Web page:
When someone is considering offering their services, they can use [ageru], which is usually the translation of "to give" (transitive verb here).
See the examples below.
Most of the time, people use it combined with the [-て] form.
Because of the nuance it adds, it's a one-way verb to use : this form is meant to humbly express yourself to someone.
The honorific way could be like this : 貴方の為なら、何でもいたします。 (Anata no tame nara, nan de mo itashimasu.) I would do anything for you. [liter. "if it is for you, I shall do anything"]
(it's a very basic note ; please check [kureru] and [morau] to get a better understanding of the usage of these verbs)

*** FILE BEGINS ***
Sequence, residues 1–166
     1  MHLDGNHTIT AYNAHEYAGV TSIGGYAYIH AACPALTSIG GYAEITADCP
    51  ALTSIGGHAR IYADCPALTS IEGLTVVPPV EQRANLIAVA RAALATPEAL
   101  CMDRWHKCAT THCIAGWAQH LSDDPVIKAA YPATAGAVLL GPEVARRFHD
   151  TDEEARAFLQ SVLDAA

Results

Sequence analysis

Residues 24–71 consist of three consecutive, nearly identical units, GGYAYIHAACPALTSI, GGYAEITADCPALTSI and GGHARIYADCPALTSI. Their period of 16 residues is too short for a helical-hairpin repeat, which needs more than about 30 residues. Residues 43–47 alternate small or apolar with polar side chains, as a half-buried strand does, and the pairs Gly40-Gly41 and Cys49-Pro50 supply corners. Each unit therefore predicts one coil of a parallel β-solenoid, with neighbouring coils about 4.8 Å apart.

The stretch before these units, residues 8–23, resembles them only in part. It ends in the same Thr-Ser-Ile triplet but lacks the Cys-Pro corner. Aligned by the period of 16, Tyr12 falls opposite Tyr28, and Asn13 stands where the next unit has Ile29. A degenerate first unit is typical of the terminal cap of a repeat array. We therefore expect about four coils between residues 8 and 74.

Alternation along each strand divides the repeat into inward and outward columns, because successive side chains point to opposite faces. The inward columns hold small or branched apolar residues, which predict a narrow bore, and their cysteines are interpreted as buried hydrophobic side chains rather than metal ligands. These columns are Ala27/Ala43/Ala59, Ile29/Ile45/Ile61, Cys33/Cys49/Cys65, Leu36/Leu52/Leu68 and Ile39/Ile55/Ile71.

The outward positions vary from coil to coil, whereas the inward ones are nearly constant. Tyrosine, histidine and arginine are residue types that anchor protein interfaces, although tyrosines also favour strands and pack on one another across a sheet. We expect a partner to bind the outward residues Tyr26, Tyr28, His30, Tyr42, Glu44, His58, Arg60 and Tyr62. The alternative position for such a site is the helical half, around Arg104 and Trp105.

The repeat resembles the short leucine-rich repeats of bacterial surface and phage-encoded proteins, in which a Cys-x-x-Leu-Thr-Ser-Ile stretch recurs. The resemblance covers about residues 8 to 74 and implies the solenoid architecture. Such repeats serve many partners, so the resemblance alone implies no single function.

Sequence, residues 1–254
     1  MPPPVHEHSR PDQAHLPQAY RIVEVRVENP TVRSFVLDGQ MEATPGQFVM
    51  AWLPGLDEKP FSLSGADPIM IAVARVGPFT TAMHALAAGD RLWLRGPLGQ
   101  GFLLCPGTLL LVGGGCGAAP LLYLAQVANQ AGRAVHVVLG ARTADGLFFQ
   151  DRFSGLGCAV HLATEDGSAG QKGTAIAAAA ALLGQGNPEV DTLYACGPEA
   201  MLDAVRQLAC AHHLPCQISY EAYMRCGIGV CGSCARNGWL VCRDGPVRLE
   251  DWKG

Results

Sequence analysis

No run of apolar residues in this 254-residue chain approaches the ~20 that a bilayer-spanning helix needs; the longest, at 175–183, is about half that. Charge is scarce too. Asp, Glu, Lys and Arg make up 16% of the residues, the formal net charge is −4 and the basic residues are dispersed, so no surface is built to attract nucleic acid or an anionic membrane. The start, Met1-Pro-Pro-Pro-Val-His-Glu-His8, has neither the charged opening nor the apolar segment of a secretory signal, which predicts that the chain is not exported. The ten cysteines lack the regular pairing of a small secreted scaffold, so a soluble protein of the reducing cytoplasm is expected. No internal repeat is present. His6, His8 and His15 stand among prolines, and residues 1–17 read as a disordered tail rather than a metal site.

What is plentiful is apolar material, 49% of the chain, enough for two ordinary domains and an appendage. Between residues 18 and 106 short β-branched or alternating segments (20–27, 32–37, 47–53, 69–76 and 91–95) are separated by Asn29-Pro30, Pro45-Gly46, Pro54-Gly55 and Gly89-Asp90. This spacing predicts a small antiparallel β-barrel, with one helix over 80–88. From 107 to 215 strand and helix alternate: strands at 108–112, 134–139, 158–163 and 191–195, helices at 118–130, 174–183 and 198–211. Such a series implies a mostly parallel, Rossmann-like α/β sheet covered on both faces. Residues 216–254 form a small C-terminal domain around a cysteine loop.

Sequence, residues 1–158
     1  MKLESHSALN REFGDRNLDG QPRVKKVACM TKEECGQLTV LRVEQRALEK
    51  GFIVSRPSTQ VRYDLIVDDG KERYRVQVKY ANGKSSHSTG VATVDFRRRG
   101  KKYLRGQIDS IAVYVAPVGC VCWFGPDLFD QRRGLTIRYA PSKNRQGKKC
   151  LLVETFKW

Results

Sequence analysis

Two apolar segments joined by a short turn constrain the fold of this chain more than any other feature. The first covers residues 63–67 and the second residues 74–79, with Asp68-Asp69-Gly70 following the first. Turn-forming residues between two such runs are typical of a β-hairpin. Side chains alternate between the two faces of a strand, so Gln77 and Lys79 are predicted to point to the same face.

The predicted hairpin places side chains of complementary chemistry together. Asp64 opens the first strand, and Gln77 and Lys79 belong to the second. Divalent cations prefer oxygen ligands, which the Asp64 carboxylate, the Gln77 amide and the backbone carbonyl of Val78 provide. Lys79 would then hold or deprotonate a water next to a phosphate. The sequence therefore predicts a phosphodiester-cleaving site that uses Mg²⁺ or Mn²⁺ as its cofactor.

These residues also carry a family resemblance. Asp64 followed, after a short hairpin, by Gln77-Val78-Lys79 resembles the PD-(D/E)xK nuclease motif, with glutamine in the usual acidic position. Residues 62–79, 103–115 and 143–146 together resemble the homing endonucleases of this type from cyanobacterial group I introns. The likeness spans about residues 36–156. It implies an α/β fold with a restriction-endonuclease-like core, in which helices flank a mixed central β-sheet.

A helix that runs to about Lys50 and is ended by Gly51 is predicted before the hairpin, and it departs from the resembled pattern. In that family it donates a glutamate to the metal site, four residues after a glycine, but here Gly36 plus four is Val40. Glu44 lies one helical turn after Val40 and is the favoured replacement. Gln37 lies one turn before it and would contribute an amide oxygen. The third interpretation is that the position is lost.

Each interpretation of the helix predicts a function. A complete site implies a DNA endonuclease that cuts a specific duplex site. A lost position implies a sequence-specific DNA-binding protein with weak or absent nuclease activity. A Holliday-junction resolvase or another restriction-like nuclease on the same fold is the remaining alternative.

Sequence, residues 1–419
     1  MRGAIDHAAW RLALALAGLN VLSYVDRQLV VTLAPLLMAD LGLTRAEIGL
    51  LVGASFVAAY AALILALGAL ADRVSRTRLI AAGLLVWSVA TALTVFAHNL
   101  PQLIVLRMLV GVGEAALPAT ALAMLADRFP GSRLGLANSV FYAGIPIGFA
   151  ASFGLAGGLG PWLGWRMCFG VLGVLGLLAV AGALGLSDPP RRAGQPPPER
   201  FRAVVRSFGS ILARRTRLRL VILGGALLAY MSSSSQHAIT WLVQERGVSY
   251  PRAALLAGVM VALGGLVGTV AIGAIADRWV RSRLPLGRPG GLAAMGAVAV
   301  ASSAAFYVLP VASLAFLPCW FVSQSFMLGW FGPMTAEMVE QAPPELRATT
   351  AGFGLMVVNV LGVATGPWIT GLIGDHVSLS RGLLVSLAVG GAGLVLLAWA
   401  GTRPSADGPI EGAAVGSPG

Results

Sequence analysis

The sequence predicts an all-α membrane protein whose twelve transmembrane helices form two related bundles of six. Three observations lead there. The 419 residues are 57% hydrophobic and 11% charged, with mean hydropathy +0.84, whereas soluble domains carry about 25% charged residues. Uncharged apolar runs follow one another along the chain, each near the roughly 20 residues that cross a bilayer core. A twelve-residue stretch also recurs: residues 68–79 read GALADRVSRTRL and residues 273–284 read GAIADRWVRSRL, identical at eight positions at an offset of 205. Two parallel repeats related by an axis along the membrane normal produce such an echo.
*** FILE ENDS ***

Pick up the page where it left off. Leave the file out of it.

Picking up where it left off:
#566 Add "。" at the end of the sentence. #3727 No error, but there's no need to say "あなたがたの." #3728 In this example, I would say "あげられる" instead of "あげる." #3729 No glaring error, but... あなたに代わって、買い物をして、家を掃除して、夕食を作ってあげる。 This must be easier to read. #3730 I would say "そのうち" instead of "いつかそのうちに." The other examples sound good.
Hey Nick, I think its great your talking the time to error check the examples, but I disagree with your suggestion for [ex #3728]､ It doesn`t seem natural to use the potential form of a verb in this manner. I think its more natural just the way it is, but I would lose the あなたに. since the verb あげる is a one way verb the person you are talking to is already implied and あなたという言葉はあまりいい感じじゃありませんね.